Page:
Product Launches with Biased Reviewers: The Importance of Not Being Earnest
AbstractThe standard simple sequential herding model is altered to allow a firm with a new product to have it reviewed publicly before launch. Reviewers are either inherently pessimistic, optimistic or unbiased. We find the counter-intuitive result that a firm with a good product will prefer a pessimistic reviewer. Although firms with a bad product prefer unbiased reviewers, signalling considerations will force them to copy the choice of the good product firm in order to avoid revealing product type. This asymmetric impact provides a strong explanation for the stylized fact that reviewers are often viewed as being very critical.
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Bibliographic InfoPaper provided by Faculty of Economics, University of Cambridge in its series Cambridge Working Papers in Economics with number 0334.
Date of creation: Jul 2003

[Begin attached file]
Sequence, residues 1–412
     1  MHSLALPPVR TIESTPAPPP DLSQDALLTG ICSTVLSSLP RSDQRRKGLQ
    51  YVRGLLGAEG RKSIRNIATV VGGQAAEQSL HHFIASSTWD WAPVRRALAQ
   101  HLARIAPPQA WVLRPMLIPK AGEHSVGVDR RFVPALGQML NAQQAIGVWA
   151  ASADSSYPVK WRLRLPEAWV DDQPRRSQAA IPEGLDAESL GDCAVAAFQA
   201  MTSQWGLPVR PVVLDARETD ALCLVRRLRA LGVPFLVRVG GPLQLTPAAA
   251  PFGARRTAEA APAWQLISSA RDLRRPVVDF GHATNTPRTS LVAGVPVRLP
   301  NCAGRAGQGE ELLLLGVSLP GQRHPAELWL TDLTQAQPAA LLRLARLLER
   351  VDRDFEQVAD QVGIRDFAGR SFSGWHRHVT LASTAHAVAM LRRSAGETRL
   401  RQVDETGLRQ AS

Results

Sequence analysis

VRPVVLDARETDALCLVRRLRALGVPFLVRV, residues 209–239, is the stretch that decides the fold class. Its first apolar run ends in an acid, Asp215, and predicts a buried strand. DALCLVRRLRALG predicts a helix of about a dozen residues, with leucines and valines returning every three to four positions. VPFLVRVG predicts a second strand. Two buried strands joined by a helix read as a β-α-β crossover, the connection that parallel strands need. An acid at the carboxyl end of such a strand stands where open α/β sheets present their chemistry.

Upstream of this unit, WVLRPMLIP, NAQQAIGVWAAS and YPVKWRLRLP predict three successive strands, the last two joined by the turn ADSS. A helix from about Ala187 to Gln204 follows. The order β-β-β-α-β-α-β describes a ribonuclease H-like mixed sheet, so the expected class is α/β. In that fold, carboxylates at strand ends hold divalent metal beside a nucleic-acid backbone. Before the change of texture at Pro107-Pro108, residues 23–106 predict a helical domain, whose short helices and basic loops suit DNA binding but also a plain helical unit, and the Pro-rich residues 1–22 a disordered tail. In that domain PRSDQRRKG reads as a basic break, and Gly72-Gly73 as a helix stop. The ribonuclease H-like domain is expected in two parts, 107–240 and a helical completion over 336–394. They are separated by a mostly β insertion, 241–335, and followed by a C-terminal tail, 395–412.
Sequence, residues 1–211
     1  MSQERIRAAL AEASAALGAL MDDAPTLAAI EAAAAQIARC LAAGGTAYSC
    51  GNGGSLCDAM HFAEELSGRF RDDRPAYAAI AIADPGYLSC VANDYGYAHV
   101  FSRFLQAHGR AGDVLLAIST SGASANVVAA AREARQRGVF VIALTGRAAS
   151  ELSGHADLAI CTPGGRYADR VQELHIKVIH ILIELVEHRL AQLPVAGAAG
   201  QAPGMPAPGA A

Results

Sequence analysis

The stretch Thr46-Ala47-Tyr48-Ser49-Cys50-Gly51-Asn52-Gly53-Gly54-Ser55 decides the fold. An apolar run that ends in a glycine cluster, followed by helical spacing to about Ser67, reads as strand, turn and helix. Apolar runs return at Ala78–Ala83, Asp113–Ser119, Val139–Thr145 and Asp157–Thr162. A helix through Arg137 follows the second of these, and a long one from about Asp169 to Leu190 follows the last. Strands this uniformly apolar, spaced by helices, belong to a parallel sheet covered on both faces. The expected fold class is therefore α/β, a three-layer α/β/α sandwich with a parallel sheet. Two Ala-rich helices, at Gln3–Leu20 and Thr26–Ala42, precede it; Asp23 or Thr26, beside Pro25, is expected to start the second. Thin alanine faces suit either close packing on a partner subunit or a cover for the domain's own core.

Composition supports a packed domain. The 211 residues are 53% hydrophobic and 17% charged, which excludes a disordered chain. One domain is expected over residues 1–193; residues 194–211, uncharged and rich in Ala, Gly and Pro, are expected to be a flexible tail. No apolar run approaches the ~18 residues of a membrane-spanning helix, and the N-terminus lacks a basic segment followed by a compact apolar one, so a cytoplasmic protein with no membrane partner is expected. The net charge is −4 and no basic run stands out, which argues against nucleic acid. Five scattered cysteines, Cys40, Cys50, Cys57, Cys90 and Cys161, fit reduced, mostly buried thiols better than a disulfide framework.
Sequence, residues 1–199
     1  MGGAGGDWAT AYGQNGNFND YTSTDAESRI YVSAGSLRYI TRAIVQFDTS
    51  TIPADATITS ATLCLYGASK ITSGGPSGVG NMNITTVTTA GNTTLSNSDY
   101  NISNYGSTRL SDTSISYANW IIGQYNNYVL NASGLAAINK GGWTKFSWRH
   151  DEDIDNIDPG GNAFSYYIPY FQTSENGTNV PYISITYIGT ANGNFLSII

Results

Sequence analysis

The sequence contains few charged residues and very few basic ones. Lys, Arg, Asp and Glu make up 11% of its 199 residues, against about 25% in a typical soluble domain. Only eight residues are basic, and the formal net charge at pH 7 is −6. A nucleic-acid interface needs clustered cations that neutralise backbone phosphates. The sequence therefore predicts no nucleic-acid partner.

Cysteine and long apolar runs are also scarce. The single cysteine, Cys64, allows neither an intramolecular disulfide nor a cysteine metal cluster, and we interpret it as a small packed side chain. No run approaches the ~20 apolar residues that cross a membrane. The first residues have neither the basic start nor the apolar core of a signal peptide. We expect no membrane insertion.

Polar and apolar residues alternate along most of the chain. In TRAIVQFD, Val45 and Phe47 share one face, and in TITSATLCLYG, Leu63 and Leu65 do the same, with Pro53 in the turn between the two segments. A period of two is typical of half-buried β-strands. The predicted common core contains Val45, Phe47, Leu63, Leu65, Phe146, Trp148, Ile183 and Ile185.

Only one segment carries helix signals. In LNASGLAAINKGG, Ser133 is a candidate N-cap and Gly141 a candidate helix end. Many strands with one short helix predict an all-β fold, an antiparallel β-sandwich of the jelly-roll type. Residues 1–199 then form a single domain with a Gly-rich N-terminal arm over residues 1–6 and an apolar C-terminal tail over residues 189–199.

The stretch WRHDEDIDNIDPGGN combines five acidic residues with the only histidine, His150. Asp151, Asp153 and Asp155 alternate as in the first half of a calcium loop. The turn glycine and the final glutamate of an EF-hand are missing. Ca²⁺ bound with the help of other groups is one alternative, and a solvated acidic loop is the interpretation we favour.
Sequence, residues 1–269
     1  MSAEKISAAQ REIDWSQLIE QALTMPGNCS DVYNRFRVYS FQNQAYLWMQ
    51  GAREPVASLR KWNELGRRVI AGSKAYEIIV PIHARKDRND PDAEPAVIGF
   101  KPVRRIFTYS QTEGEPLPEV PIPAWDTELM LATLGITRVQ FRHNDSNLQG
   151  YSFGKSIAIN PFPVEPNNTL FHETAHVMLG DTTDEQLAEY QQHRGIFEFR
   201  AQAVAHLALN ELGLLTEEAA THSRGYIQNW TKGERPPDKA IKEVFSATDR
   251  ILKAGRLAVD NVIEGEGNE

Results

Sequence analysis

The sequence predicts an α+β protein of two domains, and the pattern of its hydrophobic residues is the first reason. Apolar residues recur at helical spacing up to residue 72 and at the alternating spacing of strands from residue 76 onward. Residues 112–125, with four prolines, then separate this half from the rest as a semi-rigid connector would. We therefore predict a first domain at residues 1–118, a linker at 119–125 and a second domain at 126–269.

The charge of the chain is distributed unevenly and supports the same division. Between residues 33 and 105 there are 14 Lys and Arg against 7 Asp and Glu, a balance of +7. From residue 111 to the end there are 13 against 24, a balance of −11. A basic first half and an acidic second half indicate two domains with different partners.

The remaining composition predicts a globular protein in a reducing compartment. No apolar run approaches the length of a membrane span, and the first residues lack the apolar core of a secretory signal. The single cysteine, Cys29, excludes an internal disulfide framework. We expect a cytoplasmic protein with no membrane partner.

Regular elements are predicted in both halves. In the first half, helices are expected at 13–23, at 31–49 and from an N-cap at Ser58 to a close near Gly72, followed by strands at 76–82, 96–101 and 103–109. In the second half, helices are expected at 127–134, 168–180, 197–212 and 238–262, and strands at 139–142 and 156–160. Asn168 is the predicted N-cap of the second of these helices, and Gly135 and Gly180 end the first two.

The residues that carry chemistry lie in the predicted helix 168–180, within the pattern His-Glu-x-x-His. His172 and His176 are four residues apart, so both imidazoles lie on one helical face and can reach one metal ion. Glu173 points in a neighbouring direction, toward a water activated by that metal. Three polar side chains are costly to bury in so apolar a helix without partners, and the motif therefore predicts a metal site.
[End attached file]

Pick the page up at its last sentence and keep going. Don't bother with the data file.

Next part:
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bias; herding; reviewers; sequential sales;
Find related papers by JEL classification:
- D82 - Microeconomics - - Information, Knowledge, and Uncertainty - - - Asymmetric and Private Information; Mechanism Design
- D83 - Microeconomics - - Information, Knowledge, and Uncertainty - - - Search, Learning, and Information
- L15 - Industrial Organization - - Market Structure, Firm Strategy, and Market Performance - - - Information and Product Quality
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- NEP-ALL-2003-07-29 (All new papers)
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- Olivier Gossner & Nicolas Melissas, 2004. "Informational Cascades Elicit Private Information," CIG Working Papers SP II 2004-19, Wissenschaftszentrum Berlin (WZB), Research Unit: Competition and Innovation (CIG).
- David Gill & Daniel Sgroi, 2005.
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